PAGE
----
Thursday, September 03, 2009

Freebies Forgotten

Random House's Suvudu Free Book Library has just posted some interesting new freebies for September: Full Moon Rising by Keri Arthur, The Changelings: Book One of the Twins of Petaybee by Anne McCaffrey and Elizabeth Ann Scarborough, and Perdido Street Station by China Mieville. As before these are all available as downloads in .pdf, Kindle, Sony, and B&N ereader format, and/or can be read online on Scribd. Note 9/3/10: Since instituted an access fee scam to charge people for downloading e-books, including those I have provided for free for the last ten years, I no longer recommend using their service. See my post about this scam here.

If you're on Blogger, and you occasionally check the Blogs of Note (listed in the tabbed section at the very bottom of the dashboard screen on mine) you can find some real gems, like Forgotten Bookmarks, penned by a bookseller at a used and rare bookstore. FB posts images and descriptions of the things found in those books, just as I sometimes do here.

My latest forgotten bookmark was found in a 1927 edition of A Childhood in Brittany Eighty Years Ago by Anne Douglas Sedgwick (Mrs. Basil de SĂ©lincourt), which I picked up in very good condition from my favorite rare bookstore in the city. I found this plain index-size card tucked in between pages 18 and 19:

I'm guessing this note was written when the book was new, maybe even the year it was published. The ink has faded to a chocolate brown, and the edge of the card is a bit yellowed, but otherwise the note is as crisp and clean as if it had been written yesterday.

Dated only Dec 10, the front of the note reads:
I forebear a bright red card with "Season's Greetings" on it as too ironical, and insist this is not a Christmas present. You may have it for any of the following (see Roman Missal if you doubt their authenticity):
December 10. Commemoration of St. Melchiades*, Pope and Martyr.

On the back of the note:
December 11. St. Damascus, Pope and Confessor.
December 18. St. Lucy**, Virgin and Martyr.
December 16. St. Eusebius***, Bishop and Martyr.
Sorry they are all a trifle gloomy. Perhaps the martyrs will appeal to your sympathies -- Anyway, the book comes with much love from

I love to read old notes. Hardly anyone says things like "forebear" or "trifle" anymore. Makes me want to brew some tea and bake scones and talk like Emma Peel for the rest of the day.

Have you found anything interesting in an old book that was used as a bookmark and then forgotten? Let us know in comments.

*Also know as St. Miltiades.

**St Lucy was the first virgin martyr condemned to prostitution and one of the more interesting saints. According to religious legend, she pledged herself to God and started giving away her sizable dowry to the poor. Pissed off that she was handing over her wealth on the riff raff, her evil fiance denounced her to the authorities for her religion, which at the time was a big no-no. When they came to drag her away and put her to work at the local brothel, God gave Lucy the strength to stand immovable. Then they piled wood around her and tried to burn her, but God saved her again. Third time was a charm, though, and she was put to death by the sword.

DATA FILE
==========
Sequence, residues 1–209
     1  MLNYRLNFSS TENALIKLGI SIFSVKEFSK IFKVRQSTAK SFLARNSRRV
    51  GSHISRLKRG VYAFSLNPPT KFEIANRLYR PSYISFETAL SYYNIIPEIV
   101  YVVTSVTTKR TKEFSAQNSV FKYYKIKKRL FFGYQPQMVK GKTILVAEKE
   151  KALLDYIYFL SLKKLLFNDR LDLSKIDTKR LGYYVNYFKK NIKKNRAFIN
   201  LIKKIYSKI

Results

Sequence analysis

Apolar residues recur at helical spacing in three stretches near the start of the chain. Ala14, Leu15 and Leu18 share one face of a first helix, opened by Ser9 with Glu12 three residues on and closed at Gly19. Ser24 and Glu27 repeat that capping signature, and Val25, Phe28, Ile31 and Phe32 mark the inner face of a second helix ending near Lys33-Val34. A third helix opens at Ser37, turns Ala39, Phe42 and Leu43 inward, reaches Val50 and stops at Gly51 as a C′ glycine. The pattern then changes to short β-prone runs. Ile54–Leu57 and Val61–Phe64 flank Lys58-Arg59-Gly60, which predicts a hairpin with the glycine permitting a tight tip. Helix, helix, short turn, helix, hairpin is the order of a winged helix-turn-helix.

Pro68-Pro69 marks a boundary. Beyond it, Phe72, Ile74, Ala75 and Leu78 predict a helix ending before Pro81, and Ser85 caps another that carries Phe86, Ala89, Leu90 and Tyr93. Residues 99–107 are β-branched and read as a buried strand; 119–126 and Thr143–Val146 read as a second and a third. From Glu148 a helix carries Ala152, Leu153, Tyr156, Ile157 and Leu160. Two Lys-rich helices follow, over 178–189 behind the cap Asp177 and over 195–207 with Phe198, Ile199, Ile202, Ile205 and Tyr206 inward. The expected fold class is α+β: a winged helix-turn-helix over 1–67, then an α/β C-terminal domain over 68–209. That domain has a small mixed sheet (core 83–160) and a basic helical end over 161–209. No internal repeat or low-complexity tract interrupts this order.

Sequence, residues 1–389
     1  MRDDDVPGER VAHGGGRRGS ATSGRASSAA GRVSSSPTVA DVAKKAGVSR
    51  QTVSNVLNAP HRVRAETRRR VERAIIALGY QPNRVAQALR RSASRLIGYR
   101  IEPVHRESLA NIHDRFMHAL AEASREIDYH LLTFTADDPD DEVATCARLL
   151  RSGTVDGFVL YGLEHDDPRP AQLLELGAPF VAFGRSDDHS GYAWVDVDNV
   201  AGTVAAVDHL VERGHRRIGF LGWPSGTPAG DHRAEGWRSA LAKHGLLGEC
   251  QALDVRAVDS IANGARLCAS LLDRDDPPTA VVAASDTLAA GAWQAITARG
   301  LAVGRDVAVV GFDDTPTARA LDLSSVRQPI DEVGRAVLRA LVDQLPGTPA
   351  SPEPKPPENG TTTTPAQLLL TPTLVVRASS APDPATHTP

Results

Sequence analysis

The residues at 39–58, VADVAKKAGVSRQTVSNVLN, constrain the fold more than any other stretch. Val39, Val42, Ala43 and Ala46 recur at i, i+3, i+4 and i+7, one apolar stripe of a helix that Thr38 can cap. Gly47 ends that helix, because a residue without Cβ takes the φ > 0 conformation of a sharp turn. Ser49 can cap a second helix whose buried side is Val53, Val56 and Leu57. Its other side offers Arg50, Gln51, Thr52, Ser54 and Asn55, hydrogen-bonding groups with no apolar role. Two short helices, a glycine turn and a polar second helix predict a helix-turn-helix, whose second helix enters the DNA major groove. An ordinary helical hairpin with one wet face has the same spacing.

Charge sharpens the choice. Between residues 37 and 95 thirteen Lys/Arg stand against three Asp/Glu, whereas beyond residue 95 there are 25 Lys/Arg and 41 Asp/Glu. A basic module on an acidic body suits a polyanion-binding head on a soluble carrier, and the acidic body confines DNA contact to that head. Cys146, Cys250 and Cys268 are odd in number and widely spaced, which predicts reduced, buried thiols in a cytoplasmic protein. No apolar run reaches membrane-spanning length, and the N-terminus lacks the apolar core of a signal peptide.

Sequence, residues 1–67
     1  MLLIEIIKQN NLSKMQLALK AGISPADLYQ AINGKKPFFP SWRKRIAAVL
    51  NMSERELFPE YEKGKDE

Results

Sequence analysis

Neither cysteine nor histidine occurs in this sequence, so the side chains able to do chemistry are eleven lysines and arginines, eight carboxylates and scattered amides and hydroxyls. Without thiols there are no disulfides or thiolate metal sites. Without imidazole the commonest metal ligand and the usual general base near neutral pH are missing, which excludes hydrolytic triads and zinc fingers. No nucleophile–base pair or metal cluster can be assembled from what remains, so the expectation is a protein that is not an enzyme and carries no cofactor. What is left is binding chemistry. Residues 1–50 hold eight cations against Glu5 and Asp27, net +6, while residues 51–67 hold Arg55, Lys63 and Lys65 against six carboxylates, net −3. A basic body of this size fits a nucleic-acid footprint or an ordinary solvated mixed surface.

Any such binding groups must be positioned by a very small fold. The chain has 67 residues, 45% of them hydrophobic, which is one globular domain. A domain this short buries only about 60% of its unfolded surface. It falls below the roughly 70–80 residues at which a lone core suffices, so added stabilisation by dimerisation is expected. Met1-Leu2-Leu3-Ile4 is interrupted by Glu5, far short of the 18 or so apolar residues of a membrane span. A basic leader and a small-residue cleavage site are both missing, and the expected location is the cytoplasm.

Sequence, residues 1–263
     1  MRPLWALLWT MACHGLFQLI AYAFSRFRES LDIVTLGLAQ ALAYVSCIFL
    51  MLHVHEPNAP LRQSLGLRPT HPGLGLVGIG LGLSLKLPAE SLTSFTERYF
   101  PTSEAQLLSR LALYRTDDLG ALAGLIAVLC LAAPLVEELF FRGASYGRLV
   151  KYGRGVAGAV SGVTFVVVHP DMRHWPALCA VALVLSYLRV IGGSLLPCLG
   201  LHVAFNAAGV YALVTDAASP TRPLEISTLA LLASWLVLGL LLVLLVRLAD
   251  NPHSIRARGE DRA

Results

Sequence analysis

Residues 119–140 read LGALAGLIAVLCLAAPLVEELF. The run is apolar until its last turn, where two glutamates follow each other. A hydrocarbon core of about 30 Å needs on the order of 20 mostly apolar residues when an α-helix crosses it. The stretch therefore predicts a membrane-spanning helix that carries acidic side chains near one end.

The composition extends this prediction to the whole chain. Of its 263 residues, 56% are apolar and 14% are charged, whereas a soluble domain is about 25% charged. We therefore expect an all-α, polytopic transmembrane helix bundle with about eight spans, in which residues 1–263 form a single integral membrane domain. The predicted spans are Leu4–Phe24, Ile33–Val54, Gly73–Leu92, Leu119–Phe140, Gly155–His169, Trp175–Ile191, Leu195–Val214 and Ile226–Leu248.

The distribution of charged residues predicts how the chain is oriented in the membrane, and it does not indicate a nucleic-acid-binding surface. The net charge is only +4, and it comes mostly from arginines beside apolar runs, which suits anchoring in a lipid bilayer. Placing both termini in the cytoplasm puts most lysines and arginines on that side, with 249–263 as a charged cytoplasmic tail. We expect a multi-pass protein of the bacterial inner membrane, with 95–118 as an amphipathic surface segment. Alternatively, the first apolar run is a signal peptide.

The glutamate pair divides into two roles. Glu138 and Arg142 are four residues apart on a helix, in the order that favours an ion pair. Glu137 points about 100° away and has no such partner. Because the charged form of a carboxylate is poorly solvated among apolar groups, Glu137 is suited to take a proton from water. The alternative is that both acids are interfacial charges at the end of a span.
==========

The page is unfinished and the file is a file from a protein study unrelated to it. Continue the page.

***of Vercelli, not Cæsarea. I believe there were two or three of them.


  1. My bookmarks are almost always little notes I've found around my house.

    One that I found recently (and one of my favorites) is a note I left for my husband. I was grousing about the price of gas.

    I said: No way am I paying 89 cents a gallon. I'll stop by the cheap gas station on my way home. Love, Wifey.

    89 cents!!!


  2. That's one of the reasons I love buying old books - you never know what'll be inside. I can't think of any really interesting bookmarks, but I have an old copy of The Fountainhead with the original owner's military info written inside. He was with a bomber wing over the Pacific in WWII. I like to think he had the book with him when he went to war.

  3. Thank you so much for the links. Those will be very helpful!

  4. My mum and I read the same authors and often when she lends me a book she's just finished, I'll find a RM1 or RM5 note (Malaysian currency) between the pages! When I asked why it was so, she just said, "Well, they were handy!"

  5. I checked out a book from the library recently that had a 9 of Diamonds stuck in it as a bookmark. I think I may use it and return the book that way too!

  6. Another site you may want to check out: The Book Inscriptions Project, a cool blog that shows all the different inscriptions they've found written inside old books.